DOI: 10.1002/brb3.3354 ISSN: 2162-3279

A lack of drebrin causes olfactory impairment

Yuki Kajita, Nobuhiko Kojima, Tomoaki Shirao
  • Behavioral Neuroscience



Olfactory deficit often occurs during the prodromal stage of Alzheimer's disease (AD). Although olfactory deficit is a useful measure for screening AD‐related amnestic disorder, little is known about the cause of this deficit. Human and animal studies indicate that loss of the actin binding protein, drebrin, is closely related to cognitive dysfunction in AD. We hypothesized that the olfactory deficit in AD is caused by the loss of drebrin from the spine.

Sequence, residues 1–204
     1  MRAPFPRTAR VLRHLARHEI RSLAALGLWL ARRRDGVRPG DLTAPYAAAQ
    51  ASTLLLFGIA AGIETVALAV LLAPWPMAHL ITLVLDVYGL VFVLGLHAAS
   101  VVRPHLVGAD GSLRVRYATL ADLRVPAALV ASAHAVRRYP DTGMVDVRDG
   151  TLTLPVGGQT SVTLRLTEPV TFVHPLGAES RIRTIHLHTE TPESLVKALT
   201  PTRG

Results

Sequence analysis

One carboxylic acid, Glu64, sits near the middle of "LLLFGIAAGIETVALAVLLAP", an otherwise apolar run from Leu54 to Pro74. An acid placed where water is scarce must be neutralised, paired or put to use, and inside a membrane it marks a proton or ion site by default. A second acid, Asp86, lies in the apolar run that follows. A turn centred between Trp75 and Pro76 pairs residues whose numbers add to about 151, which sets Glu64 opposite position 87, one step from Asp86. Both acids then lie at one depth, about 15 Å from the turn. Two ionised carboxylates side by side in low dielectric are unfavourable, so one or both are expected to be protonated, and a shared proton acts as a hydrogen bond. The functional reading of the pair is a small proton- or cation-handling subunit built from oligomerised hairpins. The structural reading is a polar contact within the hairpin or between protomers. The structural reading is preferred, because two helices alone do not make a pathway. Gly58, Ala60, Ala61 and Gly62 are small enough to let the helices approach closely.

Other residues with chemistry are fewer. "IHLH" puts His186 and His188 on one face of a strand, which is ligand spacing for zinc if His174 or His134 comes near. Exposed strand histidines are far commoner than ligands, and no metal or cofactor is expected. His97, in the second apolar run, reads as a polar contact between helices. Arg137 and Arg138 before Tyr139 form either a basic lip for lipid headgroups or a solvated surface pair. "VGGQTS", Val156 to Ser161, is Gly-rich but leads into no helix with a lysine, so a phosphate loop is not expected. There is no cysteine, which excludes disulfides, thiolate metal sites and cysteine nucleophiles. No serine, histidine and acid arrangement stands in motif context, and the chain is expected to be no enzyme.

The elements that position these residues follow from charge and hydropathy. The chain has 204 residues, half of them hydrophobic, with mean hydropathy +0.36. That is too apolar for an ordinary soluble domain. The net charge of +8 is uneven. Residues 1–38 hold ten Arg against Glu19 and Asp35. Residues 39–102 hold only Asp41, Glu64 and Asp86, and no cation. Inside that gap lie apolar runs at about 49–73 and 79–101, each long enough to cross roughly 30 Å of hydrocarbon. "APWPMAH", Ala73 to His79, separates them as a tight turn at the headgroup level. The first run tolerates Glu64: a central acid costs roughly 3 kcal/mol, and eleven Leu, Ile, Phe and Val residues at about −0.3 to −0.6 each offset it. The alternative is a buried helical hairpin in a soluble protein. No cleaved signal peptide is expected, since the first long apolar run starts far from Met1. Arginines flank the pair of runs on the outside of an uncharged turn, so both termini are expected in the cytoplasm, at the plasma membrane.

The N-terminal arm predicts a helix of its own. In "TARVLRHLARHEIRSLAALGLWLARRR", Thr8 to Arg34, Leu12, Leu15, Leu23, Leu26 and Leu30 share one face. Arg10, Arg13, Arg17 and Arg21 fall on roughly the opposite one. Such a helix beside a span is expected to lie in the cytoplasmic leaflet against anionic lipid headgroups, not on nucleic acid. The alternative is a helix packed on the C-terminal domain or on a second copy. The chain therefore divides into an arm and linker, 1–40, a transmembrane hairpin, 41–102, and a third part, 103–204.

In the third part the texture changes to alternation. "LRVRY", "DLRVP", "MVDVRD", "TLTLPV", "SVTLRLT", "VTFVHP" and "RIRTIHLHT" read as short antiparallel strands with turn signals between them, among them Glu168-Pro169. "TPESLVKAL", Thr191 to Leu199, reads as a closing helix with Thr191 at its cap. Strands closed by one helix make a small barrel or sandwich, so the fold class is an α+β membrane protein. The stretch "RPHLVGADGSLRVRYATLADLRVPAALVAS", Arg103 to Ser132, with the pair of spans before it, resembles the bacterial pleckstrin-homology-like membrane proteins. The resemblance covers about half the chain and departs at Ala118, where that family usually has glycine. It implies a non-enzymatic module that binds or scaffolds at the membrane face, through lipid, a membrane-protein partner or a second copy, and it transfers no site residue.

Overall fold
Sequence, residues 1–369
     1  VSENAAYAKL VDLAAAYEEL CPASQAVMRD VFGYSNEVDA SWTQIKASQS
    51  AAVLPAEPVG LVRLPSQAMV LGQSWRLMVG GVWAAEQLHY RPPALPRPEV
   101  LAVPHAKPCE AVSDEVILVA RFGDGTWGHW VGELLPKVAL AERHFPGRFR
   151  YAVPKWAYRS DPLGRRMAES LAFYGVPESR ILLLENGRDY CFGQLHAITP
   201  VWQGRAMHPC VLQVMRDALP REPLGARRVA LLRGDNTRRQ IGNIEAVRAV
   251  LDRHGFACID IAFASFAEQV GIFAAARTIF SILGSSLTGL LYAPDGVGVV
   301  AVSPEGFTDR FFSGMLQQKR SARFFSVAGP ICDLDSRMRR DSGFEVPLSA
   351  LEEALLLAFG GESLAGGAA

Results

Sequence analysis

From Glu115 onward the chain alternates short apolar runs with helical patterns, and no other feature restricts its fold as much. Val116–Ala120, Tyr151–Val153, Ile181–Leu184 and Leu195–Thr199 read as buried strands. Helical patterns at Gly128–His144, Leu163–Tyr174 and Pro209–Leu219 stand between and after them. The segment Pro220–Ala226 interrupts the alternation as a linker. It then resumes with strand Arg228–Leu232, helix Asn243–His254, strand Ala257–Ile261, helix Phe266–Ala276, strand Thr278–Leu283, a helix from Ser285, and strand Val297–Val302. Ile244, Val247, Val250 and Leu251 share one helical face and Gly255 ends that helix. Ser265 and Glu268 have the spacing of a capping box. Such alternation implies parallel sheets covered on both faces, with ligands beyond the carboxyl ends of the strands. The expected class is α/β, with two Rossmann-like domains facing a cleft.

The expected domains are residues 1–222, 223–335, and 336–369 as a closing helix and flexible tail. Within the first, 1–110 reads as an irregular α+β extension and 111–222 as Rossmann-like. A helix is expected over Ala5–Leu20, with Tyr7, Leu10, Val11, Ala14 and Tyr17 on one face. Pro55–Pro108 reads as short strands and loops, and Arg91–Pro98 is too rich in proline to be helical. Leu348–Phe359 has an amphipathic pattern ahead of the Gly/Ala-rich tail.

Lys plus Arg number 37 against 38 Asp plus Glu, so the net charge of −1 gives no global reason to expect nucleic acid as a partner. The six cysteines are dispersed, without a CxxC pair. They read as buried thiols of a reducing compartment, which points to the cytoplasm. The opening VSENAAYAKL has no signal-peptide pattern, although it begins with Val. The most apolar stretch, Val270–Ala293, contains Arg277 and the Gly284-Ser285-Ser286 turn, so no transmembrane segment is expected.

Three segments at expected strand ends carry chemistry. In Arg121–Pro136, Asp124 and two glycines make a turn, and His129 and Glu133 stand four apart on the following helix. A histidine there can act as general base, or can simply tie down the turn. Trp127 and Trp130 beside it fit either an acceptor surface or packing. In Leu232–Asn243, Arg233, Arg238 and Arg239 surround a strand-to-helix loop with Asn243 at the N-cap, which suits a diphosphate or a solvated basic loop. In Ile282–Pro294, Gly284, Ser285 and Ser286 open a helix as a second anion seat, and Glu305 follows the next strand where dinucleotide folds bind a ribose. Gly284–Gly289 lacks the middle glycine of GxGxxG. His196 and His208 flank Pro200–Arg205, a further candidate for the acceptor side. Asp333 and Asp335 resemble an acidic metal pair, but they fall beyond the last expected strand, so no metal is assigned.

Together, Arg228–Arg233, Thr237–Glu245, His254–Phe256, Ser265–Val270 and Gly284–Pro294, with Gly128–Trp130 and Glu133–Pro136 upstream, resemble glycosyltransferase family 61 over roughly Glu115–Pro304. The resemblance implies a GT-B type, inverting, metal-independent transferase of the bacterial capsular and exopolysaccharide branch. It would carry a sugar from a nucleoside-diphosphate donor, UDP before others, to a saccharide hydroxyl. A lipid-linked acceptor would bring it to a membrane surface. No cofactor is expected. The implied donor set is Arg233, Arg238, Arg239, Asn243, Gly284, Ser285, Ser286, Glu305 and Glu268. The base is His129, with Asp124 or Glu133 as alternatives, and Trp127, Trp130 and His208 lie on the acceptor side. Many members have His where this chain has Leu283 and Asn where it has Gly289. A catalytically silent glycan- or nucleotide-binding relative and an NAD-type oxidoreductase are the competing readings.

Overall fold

To verify this hypothesis, we performed the buried food test in two types of drebrin knockout mice, such as drebrin‐double (E and A) knockout (DXKO) mice, and drebrin A‐specific knockout (DAKO) mice.


The DXKO mice spent a significantly longer time to find food compared with the wild‐type (WT) littermates. In contrast, the DAKO mice, in which drebrin E rather than drebrin A is expressed in the postsynaptic sites of mature neurons, spent an equivalent time trying to find food compared to that of the WT. The DXKO mice showed comparable food motivation and sensory functions other than olfaction, including visual and auditory functions.


These results indicate that drebrin is necessary for normal olfactory function. Further study is needed to determine whether it is necessary for normal olfaction to express drebrin E during the developmental stage or to have drebrin (whether E or A) present after maturation.

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